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Our work in Uganda

Sightsavers’ focus in Uganda is to promote social inclusion and tackle neglected tropical diseases (NTDs). In 2018 we distributed 283,000 NTD treatments and helped to carry out 6,400 sight-saving operations.

A group of smiling schoolboys in Kasuleta, a small rural village in Uganda.

Sightsavers started working in Uganda in 1954.

Our first programmes in the country aimed to control river blindness, a debilitating neglected tropical disease, and to provide rehabilitation and support for people whose sight couldn’t be saved.

In 1994, we opened a dedicated office in Kampala, and the following year we began working to help blind and visually impaired children participate fully in mainstream schools. Since 2010, we have focused on improving local health systems, promoting social inclusion and tackling neglected tropical diseases.

Uganda is also home to our award-winning Connecting the Dots project, which has provided vocational training to young people with disabilities so they can find work and support themselves financially. The project has transformed attitudes to disability, and shows potential employers how hiring people with disabilities could benefit their business.

If we are all Ugandans, then we should all be treated equally. That is what I want to see change.
Edith Kagoya, Programme Manager
Edith smiles as she stands holding her young son.

How we’re making a difference in Uganda

Isaac works on the knitting machine alongside his tutor.

Challenging stereotypes

"Disability is not inability. It does not stop you from doing any work another person can perform."

Isaac, employment programme graduate. Read Isaac’s story

Arjuna Socia, 33 yrs stands inside the Kibwoona Health centre in Masindi, Uganda where she attended the Volunteer Distributor Training for Community Directed Distributors (CDD’s) like herself. She is smiling, holding a measuring stick.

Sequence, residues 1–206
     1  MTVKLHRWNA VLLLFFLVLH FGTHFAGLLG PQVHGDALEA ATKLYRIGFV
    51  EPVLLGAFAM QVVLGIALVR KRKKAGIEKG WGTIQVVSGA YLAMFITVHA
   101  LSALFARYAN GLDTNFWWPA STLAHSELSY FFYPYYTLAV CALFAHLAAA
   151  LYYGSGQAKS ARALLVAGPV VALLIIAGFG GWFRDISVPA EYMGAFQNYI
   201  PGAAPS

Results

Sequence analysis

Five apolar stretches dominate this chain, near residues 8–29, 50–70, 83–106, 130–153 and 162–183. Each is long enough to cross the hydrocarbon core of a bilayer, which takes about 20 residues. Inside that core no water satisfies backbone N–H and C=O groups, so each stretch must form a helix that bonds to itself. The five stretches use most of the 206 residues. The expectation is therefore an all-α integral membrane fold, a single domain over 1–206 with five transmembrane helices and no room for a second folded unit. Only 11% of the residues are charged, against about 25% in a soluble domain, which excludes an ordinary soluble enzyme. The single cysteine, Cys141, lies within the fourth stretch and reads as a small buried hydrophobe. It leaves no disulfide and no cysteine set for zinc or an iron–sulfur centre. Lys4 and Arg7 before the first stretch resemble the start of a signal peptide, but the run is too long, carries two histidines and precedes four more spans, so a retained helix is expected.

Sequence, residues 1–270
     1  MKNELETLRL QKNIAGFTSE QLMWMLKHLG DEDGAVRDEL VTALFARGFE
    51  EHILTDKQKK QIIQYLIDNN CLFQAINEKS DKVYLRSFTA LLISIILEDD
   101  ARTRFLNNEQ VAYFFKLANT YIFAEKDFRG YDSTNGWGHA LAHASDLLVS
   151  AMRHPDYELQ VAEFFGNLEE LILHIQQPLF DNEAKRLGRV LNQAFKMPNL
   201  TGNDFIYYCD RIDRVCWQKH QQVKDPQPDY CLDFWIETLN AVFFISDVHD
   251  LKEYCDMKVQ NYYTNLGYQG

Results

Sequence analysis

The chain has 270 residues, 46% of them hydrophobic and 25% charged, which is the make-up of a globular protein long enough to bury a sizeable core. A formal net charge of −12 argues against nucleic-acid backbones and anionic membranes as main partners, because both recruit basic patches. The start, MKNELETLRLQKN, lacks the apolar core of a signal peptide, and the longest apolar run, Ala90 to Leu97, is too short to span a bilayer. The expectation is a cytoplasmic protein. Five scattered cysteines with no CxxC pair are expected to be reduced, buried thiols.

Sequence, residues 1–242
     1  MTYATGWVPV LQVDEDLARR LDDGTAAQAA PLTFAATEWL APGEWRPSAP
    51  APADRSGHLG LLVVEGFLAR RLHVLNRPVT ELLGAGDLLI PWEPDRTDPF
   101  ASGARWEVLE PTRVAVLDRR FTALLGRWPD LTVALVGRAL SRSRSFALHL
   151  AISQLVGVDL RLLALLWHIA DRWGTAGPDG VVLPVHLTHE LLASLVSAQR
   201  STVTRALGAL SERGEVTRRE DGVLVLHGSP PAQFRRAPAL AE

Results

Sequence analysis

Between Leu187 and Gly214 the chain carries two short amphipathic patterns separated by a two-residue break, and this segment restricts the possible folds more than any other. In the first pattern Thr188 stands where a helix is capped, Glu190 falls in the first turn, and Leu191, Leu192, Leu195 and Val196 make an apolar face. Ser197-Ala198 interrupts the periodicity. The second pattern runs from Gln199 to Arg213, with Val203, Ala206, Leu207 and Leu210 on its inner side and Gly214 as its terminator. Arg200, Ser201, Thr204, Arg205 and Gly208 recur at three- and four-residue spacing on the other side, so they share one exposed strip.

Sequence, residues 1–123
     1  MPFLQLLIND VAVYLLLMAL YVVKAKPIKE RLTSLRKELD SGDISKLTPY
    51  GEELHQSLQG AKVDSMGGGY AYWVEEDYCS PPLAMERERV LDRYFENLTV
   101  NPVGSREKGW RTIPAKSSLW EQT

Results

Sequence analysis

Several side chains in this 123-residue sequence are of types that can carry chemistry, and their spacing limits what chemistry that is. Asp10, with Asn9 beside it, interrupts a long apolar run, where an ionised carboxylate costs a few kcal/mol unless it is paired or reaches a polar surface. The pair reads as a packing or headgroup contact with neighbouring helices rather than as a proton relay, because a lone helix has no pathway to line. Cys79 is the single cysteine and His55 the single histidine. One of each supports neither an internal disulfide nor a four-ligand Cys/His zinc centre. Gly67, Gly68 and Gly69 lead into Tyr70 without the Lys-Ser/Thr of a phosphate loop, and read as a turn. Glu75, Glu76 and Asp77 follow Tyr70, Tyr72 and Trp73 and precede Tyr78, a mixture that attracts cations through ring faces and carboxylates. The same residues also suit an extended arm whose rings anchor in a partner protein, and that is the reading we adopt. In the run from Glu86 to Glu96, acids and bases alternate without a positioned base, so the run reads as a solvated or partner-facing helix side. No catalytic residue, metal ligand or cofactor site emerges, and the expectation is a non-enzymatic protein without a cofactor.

Reaching local people

“I wanted to help people because they were dying – I want to save my community and give them medicine.”

Ajuna Socia, local volunteer
Read Ajuna’s story

William Mugayo speaks into the microphone during a radio broadcast.

Raising awareness

“Radio allows people to ask questions, and it spreads awareness among a bigger group of people.”

William Mugayo, district worker
Read the story

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More from Uganda

A young man using a wheelchair on a road in Kenya.
Sightsavers blog

COVID-19: Africa’s economic recovery must leave no one behind

Many people with disabilities work in the informal sector. Unless they can leave their house every day, they struggle to meet their basic needs. For them, the situation is dire.

Edwinah Orowe, June 2020
A girl with deafblindness plays with her siblings.
Sightsavers from the field

“As a parent, to see your child happy, is as much as you can ask for.”

Sightsavers and Sense International supported 14-year-old Hellen and her family from Masindi, Uganda, by helping them communicate with each other and support themselves financially.

April 2020
A girl with deafblindness plays with her siblings.